British media have savaged Sydney radio's royal pranksters, with one commentator slamming their tearful television interviews as a "self-justifying sobfest".
The cynical UK coverage was in sharp contrast to the generally more sympathetic treatment the pair received in Australia.
Mel Greig and Michael Christian, whose 2Day FM show has been axed, were criticised for breaking their silence on TV current affairs programs rather than at a full media conference.
London's Sun newspaper described the "shamed" pair's apologies as "grovelling".
BBC TV highlighted that they did not seem bothered by the ethics of the prank, in which they posed as the Queen and Prince Charles in a telephone call to a London hospital to gain private information about the pregnant Duchess of Cambridge.
A nurse duped by their call, 46-year-old mother of two Jacintha Saldanha, reportedly took her own life three days later.
The Daily Mail said the two radio hosts escaped a tough grilling on TV, describing as "soft and sympathetic" the line of questioning they faced on Channel Seven's Today Tonight.
"Miss Greig's mascara was running down her face as she tearfully recounted the events that have resulted in both of them being inundated with savage comments about their behaviour," the paper said.
Commentator Richard Littlejohn said: "Until they tried to present themselves as victims, I had a scintilla of sympathy for them.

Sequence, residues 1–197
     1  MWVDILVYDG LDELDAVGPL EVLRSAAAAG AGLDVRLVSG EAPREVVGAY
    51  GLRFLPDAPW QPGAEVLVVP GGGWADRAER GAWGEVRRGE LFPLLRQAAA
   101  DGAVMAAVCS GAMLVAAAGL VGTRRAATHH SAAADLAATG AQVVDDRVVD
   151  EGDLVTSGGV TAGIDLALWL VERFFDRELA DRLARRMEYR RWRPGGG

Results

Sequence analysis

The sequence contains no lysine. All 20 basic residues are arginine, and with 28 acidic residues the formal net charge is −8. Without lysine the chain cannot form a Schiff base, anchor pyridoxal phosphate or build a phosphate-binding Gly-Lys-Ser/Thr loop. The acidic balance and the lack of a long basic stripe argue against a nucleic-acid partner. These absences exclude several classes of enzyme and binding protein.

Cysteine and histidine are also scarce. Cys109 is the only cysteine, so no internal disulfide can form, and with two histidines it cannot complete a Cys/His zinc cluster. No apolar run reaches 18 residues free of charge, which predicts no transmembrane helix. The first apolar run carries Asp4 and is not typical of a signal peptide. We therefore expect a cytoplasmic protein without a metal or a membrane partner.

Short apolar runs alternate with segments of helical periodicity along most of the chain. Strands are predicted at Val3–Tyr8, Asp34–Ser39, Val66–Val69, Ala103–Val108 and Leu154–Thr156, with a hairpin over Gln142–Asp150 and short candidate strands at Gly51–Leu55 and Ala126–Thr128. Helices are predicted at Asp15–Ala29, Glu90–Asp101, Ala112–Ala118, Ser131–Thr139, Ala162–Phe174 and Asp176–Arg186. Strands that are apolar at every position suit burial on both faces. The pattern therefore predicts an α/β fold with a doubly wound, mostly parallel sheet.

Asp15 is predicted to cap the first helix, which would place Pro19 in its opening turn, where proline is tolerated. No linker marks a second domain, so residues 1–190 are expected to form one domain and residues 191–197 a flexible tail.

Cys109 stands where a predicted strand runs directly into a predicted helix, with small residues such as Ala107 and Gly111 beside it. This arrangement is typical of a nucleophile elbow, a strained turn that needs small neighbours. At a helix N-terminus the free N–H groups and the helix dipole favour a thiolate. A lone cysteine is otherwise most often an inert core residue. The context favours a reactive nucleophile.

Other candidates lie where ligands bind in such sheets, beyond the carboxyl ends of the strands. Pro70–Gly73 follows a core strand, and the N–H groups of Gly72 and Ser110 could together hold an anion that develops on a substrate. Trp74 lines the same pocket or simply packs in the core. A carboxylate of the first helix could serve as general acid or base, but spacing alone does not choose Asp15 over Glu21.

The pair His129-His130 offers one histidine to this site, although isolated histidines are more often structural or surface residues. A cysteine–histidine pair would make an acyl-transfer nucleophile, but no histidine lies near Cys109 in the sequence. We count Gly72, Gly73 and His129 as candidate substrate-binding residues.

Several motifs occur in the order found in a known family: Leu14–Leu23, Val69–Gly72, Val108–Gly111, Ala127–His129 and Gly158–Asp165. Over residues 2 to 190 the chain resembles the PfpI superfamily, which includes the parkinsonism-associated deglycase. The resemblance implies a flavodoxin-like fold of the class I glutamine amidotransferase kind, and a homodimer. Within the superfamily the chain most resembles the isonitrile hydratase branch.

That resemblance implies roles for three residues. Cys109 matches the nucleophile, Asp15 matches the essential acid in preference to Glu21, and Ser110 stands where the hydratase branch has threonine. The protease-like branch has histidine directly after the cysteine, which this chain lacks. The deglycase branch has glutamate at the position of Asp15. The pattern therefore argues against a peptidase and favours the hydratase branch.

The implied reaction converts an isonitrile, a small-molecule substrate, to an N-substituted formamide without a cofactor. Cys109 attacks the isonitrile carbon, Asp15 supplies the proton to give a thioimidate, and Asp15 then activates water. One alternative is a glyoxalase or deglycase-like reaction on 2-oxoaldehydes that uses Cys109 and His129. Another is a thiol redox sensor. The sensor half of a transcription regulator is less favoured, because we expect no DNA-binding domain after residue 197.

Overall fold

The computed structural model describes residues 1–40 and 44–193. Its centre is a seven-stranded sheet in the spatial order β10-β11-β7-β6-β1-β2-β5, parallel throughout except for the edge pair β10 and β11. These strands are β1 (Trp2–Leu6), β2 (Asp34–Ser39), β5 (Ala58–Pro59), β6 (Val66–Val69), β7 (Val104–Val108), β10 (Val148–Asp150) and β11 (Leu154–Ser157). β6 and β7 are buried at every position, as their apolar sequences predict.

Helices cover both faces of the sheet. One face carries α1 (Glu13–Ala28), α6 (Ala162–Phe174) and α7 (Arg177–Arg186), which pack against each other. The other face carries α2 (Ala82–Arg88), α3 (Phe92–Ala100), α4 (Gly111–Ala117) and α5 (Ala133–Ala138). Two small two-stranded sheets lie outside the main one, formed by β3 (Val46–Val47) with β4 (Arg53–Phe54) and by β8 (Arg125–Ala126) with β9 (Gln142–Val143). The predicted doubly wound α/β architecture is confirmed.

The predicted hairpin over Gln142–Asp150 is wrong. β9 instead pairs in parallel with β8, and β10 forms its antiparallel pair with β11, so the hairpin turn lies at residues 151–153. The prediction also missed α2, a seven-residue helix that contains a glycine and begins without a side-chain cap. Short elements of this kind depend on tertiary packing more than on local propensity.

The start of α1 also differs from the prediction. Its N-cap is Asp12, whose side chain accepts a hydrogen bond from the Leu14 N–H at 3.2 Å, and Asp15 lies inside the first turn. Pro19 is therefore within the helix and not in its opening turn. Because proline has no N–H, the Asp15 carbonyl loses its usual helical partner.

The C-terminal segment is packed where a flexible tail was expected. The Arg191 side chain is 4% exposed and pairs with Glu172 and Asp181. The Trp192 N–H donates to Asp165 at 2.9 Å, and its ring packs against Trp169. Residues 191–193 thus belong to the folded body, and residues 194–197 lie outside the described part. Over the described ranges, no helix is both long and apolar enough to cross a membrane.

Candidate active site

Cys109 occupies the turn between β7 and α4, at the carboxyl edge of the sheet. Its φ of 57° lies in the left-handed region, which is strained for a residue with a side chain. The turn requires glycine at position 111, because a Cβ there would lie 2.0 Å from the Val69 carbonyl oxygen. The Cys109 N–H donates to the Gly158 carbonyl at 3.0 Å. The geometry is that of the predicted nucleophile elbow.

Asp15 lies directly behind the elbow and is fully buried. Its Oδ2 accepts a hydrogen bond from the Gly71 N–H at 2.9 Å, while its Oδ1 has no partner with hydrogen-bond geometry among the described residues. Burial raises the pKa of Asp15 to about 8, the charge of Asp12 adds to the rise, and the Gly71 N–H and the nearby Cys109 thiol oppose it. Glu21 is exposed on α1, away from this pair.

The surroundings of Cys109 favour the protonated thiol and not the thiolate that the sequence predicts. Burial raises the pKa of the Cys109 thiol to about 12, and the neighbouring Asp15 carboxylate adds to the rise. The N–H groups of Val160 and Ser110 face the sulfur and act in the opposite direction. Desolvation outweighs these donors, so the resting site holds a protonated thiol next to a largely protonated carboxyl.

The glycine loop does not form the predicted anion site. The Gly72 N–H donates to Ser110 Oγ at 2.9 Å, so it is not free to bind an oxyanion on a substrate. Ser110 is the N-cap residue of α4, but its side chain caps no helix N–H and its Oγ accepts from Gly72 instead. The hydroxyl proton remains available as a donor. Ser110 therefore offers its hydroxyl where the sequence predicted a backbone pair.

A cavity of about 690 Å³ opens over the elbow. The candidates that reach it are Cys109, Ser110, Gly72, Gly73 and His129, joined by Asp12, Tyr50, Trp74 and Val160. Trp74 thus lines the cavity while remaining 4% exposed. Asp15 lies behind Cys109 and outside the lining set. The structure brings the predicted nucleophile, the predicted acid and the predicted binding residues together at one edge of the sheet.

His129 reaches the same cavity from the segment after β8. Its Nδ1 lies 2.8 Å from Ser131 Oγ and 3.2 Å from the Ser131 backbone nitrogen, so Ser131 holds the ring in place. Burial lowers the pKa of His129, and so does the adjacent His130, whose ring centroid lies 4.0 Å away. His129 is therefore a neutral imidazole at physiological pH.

"But for Michael Christian and Mel Greig to invite the world to share their pain is unforgivable. I'm sure their remorse was sincere. Turning their public apology into a self-indulgent, self-justifying sobfest was, however, utterly nauseating.
"I thought the Aussies were made of stronger stuff."
Whatever turmoil they were experiencing, he said, they had not endured a genuine human tragedy, unlike the nurse's family and friends.
The radio hoaxers said in TV interviews they were devastated, heartbroken and sorry if they unwittingly had any part in the nurse's death.
"If we played any involvement then we're very sorry for that. And time will only tell," said a tearful Greig.
"We're incredibly sorry for the harm that we may have helped contribute (to)," said Christian.
They said there was no malice in their prank.
Greig said she was prepared to attend any inquest in London and see the nurse's family face to face.
"If that's something that they want to do, to get some closure, then I'll do that," she said.
"It was meant to be a silly little prank that so many people have done before. This wasn't meant to happen."
The radio station's owner, Southern Cross Austereo, reacted to growing alarm over the story by pulling the two hosts off air until further notice, axing their show, suspending all advertising on 2Day FM until further notice and suspending all prank calls across its network.
The company also reportedly cancelled its annual Christmas party, instead making a donation to the Lifeline and Beyond Blue charities.
The nurse's family are devastated by her death and "miss her every moment of every day", according to British Labour MP Keith Vaz, who met them at the House of Commons.
Flanked by Jacintha Saldanha's husband, Benedict Barboza, and her two teenage children, the politician said: "They want the facts to be established so that they can effectively grieve."
The Duke and Duchess of Cambridge have sent their condolences to Saldanha's family.
Britain's Health Secretary Jeremy Hunt, asked by Sky News what lessons needed to be learned, said: "I think we need to make sure that the right safeguards are in place, that the right training is in place, but I think it's too early for me to say whether this is something which is just an individual prank that went horribly wrong.
"My instinct is that this was an isolated incident with very exceptional circumstances."